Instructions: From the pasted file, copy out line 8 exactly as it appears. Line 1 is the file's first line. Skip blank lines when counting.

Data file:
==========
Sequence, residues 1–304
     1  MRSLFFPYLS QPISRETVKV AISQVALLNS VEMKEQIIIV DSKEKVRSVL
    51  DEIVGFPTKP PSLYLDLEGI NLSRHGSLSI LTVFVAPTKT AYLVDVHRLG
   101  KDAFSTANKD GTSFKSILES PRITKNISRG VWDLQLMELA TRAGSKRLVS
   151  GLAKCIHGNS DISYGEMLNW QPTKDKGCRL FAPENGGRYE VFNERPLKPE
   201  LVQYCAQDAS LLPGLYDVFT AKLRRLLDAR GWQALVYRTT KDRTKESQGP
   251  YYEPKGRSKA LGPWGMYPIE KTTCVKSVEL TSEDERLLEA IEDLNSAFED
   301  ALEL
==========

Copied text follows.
   301  ALEL